By the end of May, cigarettes and tobacco will no longer be sold in bright, glitzy packs, but in drab green packages.
The packages will have large graphic images, warning people about the health effects of smoking, on the front and back of them.
Health warnings will also be appear at the top of all packs.
The new laws came into effect in May last year but shops were given a one-year transitional period for the sell-through of all old stock.
The law changes are part of the EU Tobacco Products Directive which was brought into force on May 20 last year.
The legislation will fully come into force on May 21 – almost a decade after the original smoking ban.
Under the new laws, ten-packs of cigarettes which are "particularly appealing to young age groups with limited spending power" will be banned.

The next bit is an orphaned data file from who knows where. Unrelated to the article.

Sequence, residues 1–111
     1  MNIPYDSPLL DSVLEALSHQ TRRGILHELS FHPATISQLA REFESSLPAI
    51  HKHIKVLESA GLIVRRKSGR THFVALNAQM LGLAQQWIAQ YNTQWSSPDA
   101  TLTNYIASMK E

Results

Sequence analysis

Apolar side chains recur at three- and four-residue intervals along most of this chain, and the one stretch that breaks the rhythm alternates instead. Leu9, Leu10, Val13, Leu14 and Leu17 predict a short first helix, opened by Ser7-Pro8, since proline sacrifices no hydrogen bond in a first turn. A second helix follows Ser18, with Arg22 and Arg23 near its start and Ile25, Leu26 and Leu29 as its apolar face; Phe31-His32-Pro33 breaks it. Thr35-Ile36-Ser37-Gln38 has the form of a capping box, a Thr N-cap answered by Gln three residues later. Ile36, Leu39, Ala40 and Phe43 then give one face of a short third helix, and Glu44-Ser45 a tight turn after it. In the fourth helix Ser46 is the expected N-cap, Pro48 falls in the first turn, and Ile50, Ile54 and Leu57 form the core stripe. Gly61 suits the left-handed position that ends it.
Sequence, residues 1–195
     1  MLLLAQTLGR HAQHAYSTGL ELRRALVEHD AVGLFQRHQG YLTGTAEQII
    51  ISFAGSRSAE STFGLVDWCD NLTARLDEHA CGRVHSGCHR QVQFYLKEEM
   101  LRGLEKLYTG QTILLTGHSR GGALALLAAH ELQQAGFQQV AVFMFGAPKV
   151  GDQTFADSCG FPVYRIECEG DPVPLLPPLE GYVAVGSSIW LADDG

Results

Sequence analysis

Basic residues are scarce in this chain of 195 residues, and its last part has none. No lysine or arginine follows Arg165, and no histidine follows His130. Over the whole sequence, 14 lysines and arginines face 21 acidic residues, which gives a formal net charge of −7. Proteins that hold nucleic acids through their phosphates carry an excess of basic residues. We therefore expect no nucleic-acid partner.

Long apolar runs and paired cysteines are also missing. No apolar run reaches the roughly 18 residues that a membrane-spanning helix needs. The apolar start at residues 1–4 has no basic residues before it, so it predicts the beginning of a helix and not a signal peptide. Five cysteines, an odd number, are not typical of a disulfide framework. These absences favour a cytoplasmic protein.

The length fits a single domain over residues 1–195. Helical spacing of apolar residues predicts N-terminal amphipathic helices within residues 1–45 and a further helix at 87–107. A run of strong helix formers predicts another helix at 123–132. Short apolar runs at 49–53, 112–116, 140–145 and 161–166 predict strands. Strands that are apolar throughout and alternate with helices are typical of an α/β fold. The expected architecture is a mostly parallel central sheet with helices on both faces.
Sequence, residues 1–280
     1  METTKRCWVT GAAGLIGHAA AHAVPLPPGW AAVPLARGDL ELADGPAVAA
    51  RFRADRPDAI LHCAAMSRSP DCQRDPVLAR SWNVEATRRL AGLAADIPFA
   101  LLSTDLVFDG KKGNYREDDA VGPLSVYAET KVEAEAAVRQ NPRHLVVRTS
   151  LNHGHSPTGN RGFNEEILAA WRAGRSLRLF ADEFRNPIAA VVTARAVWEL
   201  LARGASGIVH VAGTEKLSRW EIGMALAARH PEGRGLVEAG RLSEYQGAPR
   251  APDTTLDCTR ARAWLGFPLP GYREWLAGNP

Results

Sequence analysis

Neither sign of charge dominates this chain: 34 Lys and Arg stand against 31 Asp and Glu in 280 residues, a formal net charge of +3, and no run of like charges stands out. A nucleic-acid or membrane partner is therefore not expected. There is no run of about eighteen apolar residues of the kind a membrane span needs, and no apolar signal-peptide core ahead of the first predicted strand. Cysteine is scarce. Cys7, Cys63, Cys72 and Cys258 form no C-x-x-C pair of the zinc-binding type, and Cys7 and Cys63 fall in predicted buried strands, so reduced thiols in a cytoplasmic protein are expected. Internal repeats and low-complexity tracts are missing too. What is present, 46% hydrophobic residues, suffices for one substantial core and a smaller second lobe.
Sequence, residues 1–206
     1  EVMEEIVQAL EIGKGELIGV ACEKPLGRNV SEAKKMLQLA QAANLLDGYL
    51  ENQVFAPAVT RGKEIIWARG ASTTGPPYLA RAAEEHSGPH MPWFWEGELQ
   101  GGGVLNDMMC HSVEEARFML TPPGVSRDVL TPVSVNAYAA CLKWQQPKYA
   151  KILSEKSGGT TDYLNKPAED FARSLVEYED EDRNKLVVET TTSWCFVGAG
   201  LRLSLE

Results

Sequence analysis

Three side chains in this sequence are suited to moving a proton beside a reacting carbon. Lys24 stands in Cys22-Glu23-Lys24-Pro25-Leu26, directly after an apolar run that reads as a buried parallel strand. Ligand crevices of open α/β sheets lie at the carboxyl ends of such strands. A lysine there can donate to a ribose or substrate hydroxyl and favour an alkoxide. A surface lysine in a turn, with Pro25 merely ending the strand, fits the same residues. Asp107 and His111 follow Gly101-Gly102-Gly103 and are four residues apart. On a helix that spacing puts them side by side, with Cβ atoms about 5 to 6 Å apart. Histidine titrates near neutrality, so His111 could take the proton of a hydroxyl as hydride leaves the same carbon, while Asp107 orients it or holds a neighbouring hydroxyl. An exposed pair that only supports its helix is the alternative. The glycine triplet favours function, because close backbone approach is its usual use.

Hand rolling tobacco will also only be sold in a minimum of 30 gram packets and, by May 21, the cheapest packet of cigarettes will cost £8.82.
The new laws will also require combined picture and text health warning to cover 65 per cent of the front and back of cigarette packs as well as roll-your own tobacco packages.
Promotional or misleading descriptions on packaging, including "light" "natural" and "organic" will also be banned.
Menthol cigarettes are also set to be phased out with it being completely prohibited from May 20, 2020.
Some flavoured cigarettes and roll-your-own tobacco, with appealing flavours, including fruit and chocolate will also be banned.
However, the new law does not ban e-cigarettes but, for the first time, certain safety and quality requirements have been introduced for e-cigarettes containing nicotine.